Tracy wanted an intimate viewing, and the people who she and Michael invited were Tracy's grandparents, James and Dee McGoldrick; her aunt and uncle, Karen and Kevin McGoldrick; and Michael's mother, Dee Stranahan. However, without either Michael's or Tracy's consent, Tracy's grandparents invited additional people who attended the private viewing.

Plaintiffs never requested a viewing of Robert W., and neither Tracy, Michael, nor anyone at Laughrey told any of them that they could not have a viewing. Leslie Ann testified that she never asked Tracy or Michael for a viewing between December 6 and December 14, 2001. Eugene indicated that he never had a conversation with Tracy or Michael concerning a viewing and that no one stated that a viewing could not be had. Joyce stated that she never asked the Stranahans if it would be permissible for the Camac side of the family to have a viewing. Gail testified that she never asked about a viewing nor did anyone tell her that she could not have one. Michael F. testified that he never requested a viewing of his father and that no one said that he could not have a viewing. John Laughrey testified that if plaintiffs had requested a viewing of Robert W., he would have permitted them to view him. Although there was no public viewing of the decedents' bodies, there was a viewing in the sense of a gathering to pay respects at the funeral home prior to the funeral service.

Plaintiffs allege that Laughrey committed a violation of the CFA based on its affirmative misrepresentations to them that there would be a viewing and in its intentional failure to inform them of the private viewing held for the Stranahan side of the family. Plaintiffs claim that Laughrey's affirmative misrepresentations falsely misled and deceived them into believing that an open viewing of their father/brother would take place by virtue of the obituary notices in several newspapers advising that there would be a public viewing between 10:00 a.m. and 1:00 p.m. on December 14, 2001. Later, plaintiffs claim they were misled by John Laughrey informing them that their father's/brother's body was badly disfigured and by John Laughrey advising them against a viewing.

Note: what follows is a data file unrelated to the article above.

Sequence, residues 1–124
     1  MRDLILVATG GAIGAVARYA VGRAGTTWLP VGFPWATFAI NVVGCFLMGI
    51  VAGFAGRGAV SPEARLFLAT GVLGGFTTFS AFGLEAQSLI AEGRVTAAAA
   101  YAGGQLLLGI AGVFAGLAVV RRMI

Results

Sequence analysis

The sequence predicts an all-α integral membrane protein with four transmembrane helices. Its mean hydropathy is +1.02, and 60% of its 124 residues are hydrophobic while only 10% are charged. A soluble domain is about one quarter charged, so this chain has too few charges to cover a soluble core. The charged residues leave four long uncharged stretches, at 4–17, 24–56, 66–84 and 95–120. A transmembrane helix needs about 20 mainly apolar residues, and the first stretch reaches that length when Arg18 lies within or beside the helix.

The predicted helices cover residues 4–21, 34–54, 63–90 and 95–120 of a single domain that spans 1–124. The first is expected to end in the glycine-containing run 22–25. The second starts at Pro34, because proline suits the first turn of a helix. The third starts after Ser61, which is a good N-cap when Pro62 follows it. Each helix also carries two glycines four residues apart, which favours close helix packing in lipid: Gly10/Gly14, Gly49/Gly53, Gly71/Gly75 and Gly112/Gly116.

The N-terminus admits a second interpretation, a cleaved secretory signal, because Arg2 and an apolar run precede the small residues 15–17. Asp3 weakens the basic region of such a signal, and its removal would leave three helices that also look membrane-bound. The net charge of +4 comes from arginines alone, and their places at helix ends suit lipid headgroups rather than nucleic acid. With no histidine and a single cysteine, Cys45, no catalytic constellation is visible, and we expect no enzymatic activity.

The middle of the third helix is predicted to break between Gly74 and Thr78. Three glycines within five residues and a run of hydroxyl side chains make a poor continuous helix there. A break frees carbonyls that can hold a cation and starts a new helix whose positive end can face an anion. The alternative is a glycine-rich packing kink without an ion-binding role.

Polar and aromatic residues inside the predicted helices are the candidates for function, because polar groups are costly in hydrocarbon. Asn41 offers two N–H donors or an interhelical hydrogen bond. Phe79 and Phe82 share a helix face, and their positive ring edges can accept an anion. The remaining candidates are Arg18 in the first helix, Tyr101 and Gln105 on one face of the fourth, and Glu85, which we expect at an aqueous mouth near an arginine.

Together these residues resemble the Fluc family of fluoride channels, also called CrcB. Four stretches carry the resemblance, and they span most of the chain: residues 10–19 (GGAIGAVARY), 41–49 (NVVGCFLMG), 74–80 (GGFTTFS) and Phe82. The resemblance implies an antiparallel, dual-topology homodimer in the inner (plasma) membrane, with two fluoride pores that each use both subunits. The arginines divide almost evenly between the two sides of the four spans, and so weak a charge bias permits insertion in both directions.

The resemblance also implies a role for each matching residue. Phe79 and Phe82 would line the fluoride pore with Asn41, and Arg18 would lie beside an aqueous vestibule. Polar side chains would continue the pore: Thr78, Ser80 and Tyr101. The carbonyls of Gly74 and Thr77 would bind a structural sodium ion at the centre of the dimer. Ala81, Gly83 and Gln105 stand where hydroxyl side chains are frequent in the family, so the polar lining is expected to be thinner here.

Plaintiffs point to the statement of Julia Russell Wright (Julia), Wade Russell's former wife, who attended the private viewing. Julia indicated that the bodies were not too disfigured to have allowed a viewing and that the decedents appeared to be presentable. Clinton testified that John Laughrey advised him when he telephoned the funeral home on December 11, 2001 that there would be a public viewing from 10:00 a.m. to 1:00 p.m. on December 14, 2001 and that he should arrive at 9:30 a.m.

The intentional misrepresentation constituting an act of omission was in Laughrey's failure to advise any of the plaintiffs about the private viewing held for the benefit of Tracy and Michael and that they, too, would be entitled to a private viewing of Robert W. Plaintiffs, therefore, allege that the misrepresentations by Laughrey contained in the obituary notices and to Clinton by telephone that a viewing would be held, the misrepresentations to family members that because of the condition of the decedents' bodies that no public viewing should be held, and the concealment from them of the separate private viewing for the Stranahans constituted unconscionable and deceitful commercial practices in violation of the CFA.

Plaintiffs allege that the Stranahans either negligently or intentionally misled or deceived them in believing that no viewing was possible because of their father's disfigured body from the gunshot wound and autopsy. They contend Tracy and Michael are, thus, liable based on legal theories of intentional infliction of emotional distress and negligent infliction of emotional distress because plaintiffs were deprived of the opportunity to attend a viewing of their father/brother.

Plaintiffs allege that the conduct of the Stranahans in misrepresenting that a viewing would be held and then concealing that a private viewing was held was done intentionally to cause them emotional distress and to demean their relationship with their father/brother. Plaintiffs seek damages for ...